Modeling Mongo Documents With Mongoose

Without a doubt, one of the quickest ways to build an application that leverages MongoDB is with Node. It’s as if the two platforms were made for each other; the sheer number of Node libraries available for dealing with Mongo is testimony to a vibrant, innovative community. Indeed, one of my favorite Mongo focused libraries these days is Mongoose.

Briefly, Mongoose is an object modeling framework that makes it incredibly easy to model collections and ultimately work with intuitive objects that support a rich feature set. Like most things in Node, it couldn’t be any easier to get set up. Essentially, to use Mongoose, you’ll need to define Schema objects – these are your documents – either top level or even embedded.

For example, I’ve defined a words collection that contains documents (representing…words) that each contain an embedded collection of definition documents. A sample document looks like this:

{ _id: '4fd7c7ac8b5b27f21b000001', spelling: 'drivel', synonyms: ['garbage', 'dribble', 'drool'], definitions: [ { part_of_speech: 'noun', definition:'saliva flowing from the mouth, or mucus from the nose; slaver.' }, { part_of_speech: 'noun', definition:'childish, silly, or meaningless talk or thinking; nonsense; twaddle.' }] }

From an document modeling standpoint, I’d like to work with a Word object that contains a list of Definition objects and a number of related attributes (i.e. synonyms, parts of speech, etc). To model this relationship with Mongoose, I’ll need to define two Schema types and I’ll start with the simplest:

Definition = mongoose.model 'definition', new mongoose.Schema({ part_of_speech : { type: String, required: true, trim: true, enum: ['adjective', 'noun', 'verb', 'adverb'] }, definition : {type: String, required: true, trim: true} })

As you can see, a Definition is simple – the part_of_speech attribute is an enumerated String that’s required; what’s more, the definition attribute is also a required String.

Next, I’ll define a Word:

Word = mongoose.model 'word', new mongoose.Schema({ spelling : {type: String, required: true, trim: true, lowercase: true, unique: true}, definitions : [Definition.schema], synonyms : [{ type: String, trim: true, lowercase: true }] })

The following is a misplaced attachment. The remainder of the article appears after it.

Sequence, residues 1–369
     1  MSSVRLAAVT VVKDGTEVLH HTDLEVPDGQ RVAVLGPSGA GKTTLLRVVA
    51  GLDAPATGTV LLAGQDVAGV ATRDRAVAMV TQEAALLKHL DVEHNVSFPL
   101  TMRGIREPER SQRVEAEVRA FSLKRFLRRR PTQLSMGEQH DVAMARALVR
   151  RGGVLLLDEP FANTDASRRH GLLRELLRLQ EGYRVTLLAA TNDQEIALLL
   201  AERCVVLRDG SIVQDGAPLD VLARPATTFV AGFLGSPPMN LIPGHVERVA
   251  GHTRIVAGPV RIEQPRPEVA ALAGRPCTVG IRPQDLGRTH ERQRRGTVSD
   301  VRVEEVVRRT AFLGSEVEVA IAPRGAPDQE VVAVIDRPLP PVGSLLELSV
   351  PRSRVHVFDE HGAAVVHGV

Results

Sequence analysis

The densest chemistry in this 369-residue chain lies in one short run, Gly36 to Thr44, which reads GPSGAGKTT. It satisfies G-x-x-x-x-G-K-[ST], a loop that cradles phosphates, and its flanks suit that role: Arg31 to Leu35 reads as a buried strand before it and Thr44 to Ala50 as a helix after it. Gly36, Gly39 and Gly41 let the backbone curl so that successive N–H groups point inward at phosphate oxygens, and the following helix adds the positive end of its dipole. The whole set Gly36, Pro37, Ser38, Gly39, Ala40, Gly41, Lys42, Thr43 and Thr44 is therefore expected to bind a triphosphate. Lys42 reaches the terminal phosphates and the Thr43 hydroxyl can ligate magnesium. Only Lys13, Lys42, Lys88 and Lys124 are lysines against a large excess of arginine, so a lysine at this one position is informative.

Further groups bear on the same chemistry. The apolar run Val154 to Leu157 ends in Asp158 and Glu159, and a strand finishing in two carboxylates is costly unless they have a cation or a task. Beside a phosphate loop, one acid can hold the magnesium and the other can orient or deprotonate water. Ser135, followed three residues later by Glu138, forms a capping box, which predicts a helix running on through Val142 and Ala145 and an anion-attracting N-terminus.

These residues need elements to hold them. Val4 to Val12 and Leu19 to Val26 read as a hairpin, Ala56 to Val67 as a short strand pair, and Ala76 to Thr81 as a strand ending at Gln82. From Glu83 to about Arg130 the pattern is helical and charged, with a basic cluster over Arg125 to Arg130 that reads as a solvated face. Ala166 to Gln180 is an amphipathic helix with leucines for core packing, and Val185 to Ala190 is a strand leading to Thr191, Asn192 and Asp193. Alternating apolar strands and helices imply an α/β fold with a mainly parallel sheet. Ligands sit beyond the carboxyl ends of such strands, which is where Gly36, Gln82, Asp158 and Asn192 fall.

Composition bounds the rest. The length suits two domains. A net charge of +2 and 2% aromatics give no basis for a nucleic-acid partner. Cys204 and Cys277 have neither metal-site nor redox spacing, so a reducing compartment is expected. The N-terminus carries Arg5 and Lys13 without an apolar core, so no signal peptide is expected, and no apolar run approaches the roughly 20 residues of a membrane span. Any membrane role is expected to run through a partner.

As you can see, a Word instance embeds a collection of Definitions. Here I’m also demonstrating the usage of lowercase and the index unique placed on the spelling attribute.

To create a Word instance and save the corresponding document couldn’t be easier. Mongo array’s leverage the push command and Mongoose follows this pattern to the tee.

word = new models.Word({spelling : 'loquacious'}) word.synonyms.push 'verbose' word.definitions.push {definition: 'talking or tending to talk much or freely; talkative; \ chattering; babbling; garrulous.', part_of_speech: 'adjective' } (err, data) ->

Finding a word is easy too:

it 'findOne should return one', (done) -> models.Word.findOne spelling:'nefarious', (err, document) -> document.spelling.should.eql 'nefarious' document.definitions.length.should.eql 1 document.synonyms.length.should.eql 2 document.definitions[0]['part_of_speech'].should.eql 'adjective' done(err)

In this case, the above code is a Mocha test case (which uses should for assertions) that demonstrates Mongoose’s findOne.

You can find the code for these examples and more at my Github repo dubbed Exegesis and while you’re at it, check out the developerWorks videos I did for Node!

Reference: Modeling Mongo Documents With Mongoose from our JCG partner Andrew Glover at the The Disco Blog blog.


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